Corn futures continue to post 1- to 3-cent losses in most contracts at midday.
- Light profit-taking following Friday's strong gains continues to weigh on the corn market.
- The rally Friday was spurred by USDA report data showing a smaller-than-expected 2013 corn crop peg and record first quarter use.
- However, a closer look at the data has some thinking the upside was overdone, since supplies are still ample and up sharply from year-ago.
- Traders are also uncertain as to whether China's purchase of 120,000 MT of U.S. grain sorghum for 2013-14 delivery is a signal it is seeking alternatives to U.S. corn.
- News that South Korea bought 137,000 MT of U.S. corn originally destined for China at a discounted price also reminds traders of the ongoing issues surrounding the rejection of U.S. corn cargoes to China.
- Weekly corn export inspections of 20.902 million bu. came in just below the bottom of the pre-report guess range. This was up slightly from week-ago and well above year-ago.
- Adding to demand concerns, Gulf corn basis slipped 2 and 3 cents for January and February delivery, respectively, at midday.
Soybean futures have surged to trade around 21 cents higher in the front-month, while deferred contracts are 12 to 14 cents higher.
- The forecast for mostly dry conditions and hot temps in Argentina are raising crop concerns and futures prices to start the week.
- Also, USDA's daily and weekly export data reminds of strong demand for U.S. soybeans.
- USDA announced a 140,000 MT soybean sale to unknown destinations for 2013-14 delivery this morning.
- Also, weekly soybean export inspections of 59.381 million bu. came in near the top of the pre-report guess range and up slightly from last week's total. Inspections were up more than 12 million bu. from year-ago.
- Also, USDA in its reports Friday said use in the first quarter was record-high, though this news was somewhat offset by an increase in its 2013 crop peg.
- Gulf soybean basis slid 1 to 5 cents for January and February delivery, respectively, at midday. But basis was steady to a penny higher for other delivery months.
SRW wheat futures have pared gains to trade 3 to 4 cents higher, while HRW wheat has softened to trade mixed. HRS wheat continues to enjoy slight gains.
- News Egypt bought 55,000 MT of U.S. SRW wheat is lifting that flavor today as it signals U.S. wheat is once again competitive. Egypt is a value buyer.
- Adding to such ideas, weekly wheat export inspections of 25.190 million bu. topped expectations and rose nearly 11.6 million bu. from the week prior. This adds to ideas wheat may have found "value" levels.
- The market is also responding positively to news Egypt's economy minister said the government will permit 1.5 MMT in wheat exports, with 500,000 MT immediately authorized for shipment. This follows news the country's ag ministry raised its 2013-14 wheat crop estimate by 200,000 MT to 9.2 MMT.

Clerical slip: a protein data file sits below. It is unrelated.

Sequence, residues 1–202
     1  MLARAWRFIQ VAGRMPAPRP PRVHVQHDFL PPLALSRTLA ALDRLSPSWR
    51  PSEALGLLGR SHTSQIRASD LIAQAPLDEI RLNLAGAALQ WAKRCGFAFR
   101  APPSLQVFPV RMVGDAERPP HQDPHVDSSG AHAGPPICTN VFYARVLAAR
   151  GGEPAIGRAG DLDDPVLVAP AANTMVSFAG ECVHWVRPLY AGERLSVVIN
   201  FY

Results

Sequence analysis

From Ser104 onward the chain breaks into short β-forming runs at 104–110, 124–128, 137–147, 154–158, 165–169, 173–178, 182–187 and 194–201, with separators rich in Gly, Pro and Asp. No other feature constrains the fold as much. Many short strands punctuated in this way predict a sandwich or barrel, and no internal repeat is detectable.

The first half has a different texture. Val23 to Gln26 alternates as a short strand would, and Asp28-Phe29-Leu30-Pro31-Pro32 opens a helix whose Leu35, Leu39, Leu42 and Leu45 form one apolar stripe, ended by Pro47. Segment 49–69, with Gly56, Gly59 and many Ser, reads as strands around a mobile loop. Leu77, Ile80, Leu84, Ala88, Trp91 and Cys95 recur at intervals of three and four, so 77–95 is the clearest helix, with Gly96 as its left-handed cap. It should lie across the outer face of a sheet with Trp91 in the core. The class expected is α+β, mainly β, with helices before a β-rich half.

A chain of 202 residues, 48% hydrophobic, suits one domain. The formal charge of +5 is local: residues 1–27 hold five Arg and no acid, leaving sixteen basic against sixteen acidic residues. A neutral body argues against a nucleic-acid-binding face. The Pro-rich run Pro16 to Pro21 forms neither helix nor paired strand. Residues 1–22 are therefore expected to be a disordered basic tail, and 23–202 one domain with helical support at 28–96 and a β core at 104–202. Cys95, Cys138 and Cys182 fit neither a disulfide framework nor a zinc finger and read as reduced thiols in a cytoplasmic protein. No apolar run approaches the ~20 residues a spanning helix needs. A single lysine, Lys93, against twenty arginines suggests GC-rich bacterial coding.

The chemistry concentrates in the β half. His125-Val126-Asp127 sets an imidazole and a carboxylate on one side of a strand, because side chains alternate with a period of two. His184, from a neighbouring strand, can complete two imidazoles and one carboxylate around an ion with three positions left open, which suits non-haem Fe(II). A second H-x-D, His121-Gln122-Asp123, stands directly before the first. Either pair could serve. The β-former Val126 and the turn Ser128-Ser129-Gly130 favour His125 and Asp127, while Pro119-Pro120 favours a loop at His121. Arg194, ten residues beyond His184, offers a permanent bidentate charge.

- The market is also benefiting from Friday's lower-than-expected all winter wheat seedings peg of 41.892 million acres. Countering this, however, is USDA's larger-than-expected U.S. wheat carryover peg, as well as an increase in global wheat carryover.
- A number of contracts remain technically oversold, which is also providing light support.
Live cattle futures remain narrowly mixed at midday while feeder cattle futures continue to post slight to moderate losses.
- Traders are taking advantage of last week's rally by engaging in some light profit-taking. Other contracts are enjoying mild followthrough buys.
- Last week's gains were spurred by a record-setting performance in both the product and cash markets.
- But the fact that traders are showing little interest in narrowing the $2 to $3 discount February futures hold to last week's cash prices signals the market remains on watch for a top.
- This is despite the ongoing surge in the boxed beef market. This morning Choice cuts rose another $1.76 and Select firmed $2.01. Movement was light, however, at just 48 loads.
- Light movement is one of the reasons traders believe a top is near.
- Recent boxed beef strength spurred record-high cash cattle prices of $139 to $140 on the Plains last week. Whether feedlots are again able to get such lofty prices for cattle will depend on both boxed beef performance and showlist estimates.
Lean hog futures have pared losses to trade slightly lower across the board.
- Buying interest in lean hog futures remains limited after recent technical damage.
- And while the cash market has slowly improved, the product market has yet to give any concrete signs it is working on a seasonal low.
- The pork cutout value slid another $1.03 this morning, but movement was strong at 239.69 loads.
- Meanwhile, cash hog bids are mostly steady with a few higher bids as packers are working to make up for shortened kill hours last week due to inclement weather. An approaching storm system for the eastern third of the U.S. is also giving some packers incentive to raise bids.
- Nearby futures remain at a wide premium to the cash hog index. This also gives bears an edge.